How To Write Intros: the SPEAR Framework

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Written By Jamie
Founder of increasing.com, and here to give you the info you need to either start your making money online journey, grow and improve your niche sites, and build the most meaningful and fulfilling life for you.

Intros are a microcosm of your entire article. While they might only make up 10% (or even less) of your article’s total word count, they may well account for 40% of your total read time, and for affiliate marketing SEO content, 40%+ of your conversions.

Most people gloss over introductions, but they are key to:

  • Mental commitment: Getting the reader to buy into reading the entire article
  • Trusting your authority: Trusting you as an expert whose opinions should be followed
  • Personable: Making readers identify with you and your writing

We developed the SPEAR framework to help our writers curate high-converting intros without too much thought – to make it as natural as possible. It combines all the elements and emotions we aim to incite within the reader, and spurs action and helps us to lead them down the path to solving their needs.

I’ve also included some examples – though a couple go on tangents into the main article content rather than purely within intros. I’ll update this and improve it with more intro-specific use cases when I have time.

SPEAR / EAR Framework: the key elements of strong intros

The reason the title above says SPEAR / EAR, is that if you’re struggling to get every element of the SPEAR framework into your intros, then just work on EAR first. EAR is the 80/20 of the SPEAR intro writing, but SPEAR adds another level to developing an intimate experience with your reader.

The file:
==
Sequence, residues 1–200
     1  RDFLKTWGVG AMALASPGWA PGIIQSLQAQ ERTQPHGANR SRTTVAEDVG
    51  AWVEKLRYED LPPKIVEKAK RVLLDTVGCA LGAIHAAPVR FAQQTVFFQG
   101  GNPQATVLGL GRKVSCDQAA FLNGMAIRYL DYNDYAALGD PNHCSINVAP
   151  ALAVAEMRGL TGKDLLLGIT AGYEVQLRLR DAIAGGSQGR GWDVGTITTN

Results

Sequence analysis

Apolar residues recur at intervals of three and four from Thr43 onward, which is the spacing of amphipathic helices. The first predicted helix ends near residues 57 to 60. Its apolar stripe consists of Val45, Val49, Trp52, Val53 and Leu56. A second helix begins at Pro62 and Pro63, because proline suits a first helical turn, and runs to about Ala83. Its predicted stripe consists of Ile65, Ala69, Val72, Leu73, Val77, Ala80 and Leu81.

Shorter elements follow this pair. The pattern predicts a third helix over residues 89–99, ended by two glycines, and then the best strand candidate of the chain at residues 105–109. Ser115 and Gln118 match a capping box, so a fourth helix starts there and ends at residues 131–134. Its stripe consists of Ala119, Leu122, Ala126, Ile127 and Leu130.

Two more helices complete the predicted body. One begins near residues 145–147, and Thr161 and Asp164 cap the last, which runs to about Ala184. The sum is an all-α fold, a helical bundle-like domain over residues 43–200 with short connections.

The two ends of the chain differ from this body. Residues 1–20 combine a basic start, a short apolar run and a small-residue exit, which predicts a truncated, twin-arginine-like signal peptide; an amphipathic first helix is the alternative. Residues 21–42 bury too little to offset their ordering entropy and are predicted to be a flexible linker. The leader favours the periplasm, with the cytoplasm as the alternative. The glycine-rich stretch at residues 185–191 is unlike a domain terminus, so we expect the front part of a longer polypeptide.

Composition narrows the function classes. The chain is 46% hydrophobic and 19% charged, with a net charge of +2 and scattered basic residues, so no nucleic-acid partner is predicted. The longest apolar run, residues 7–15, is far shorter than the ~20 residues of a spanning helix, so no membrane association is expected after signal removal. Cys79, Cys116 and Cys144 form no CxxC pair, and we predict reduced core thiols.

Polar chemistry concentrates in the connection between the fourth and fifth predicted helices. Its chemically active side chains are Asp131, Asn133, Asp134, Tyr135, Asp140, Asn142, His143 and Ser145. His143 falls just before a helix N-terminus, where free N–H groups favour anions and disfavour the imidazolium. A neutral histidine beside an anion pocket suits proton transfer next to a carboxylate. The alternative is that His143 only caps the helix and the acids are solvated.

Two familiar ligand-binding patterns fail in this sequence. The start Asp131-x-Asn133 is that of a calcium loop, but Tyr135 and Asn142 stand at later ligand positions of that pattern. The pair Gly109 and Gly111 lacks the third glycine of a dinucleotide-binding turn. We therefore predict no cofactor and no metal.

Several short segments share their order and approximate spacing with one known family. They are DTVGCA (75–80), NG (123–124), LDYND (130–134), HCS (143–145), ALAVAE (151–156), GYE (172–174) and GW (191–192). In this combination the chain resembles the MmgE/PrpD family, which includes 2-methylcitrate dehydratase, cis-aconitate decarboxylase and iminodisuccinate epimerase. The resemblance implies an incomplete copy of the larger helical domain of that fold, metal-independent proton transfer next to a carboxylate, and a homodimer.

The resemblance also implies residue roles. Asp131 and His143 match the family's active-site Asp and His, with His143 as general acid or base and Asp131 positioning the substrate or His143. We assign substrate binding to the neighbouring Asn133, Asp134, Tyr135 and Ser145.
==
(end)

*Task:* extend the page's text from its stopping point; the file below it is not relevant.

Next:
Start with EAR, and then move on to SPEAR once youโ€™ve mastered including those three in your intros. In fact, read from E first, and then cycle back to SP afterward. It’ll make more sense.

Here’s the full framework:

  • SSearch / User Intent
  • P – Pain Points
  • E – Expertise
  • A – Audience
  • R – Rapport

Here’s each element in more detail:

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S – Search / User Intent

What exactly is the user looking for? This one is similar to Audience, which is why you can opt for EAR when you just start, but with a couple of key differences.

We don’t necessarily just mean search intent from an AI / Google’s perspective, either.

Your article likely encompasses several subtopics (probably with different H2s). While you personally may have fixated on a particular aspect you find most interesting, readers come in all shapes and sizes — and they’re all interested in different parts, and likely all visited your article from different keywords.

So, always end an intro with a segue, so that the reader knows you will solve their problem:

“In this article, we’ll compare X and Y products over [feature 1], [feature 2], and [feature 3]. We’ll also cover the two main advantages in using [product category] over [other product category], the different uses for [product], and the three key tips to get the most out of your [product].”

If the reader particular cares about any of these parts of the article, for example the three tips to get the most out of this product, then they’ll mentally commit to reading the entire article. These should also go at the end of intros as they form a natural bridge to your main content. Try to make the latter-half parts of your segue as appealing as possible to glue eyeballs in the long haul.

The reader then clearly understands what they will learn, and understands you will meet their intent and needs.

And yes, it also works on a traditional SEO search intent level. Being able to articulate what you’ll teach them, in regards to the topic, requires your article actually hitting search intent in the first place, so in a way it forces you to find and adapt to Google’s search intent.

For example: if you’re writing an article to hit the keyword “best chinchilla treats”, you may assume without adequate research that this is a standard affiliate article.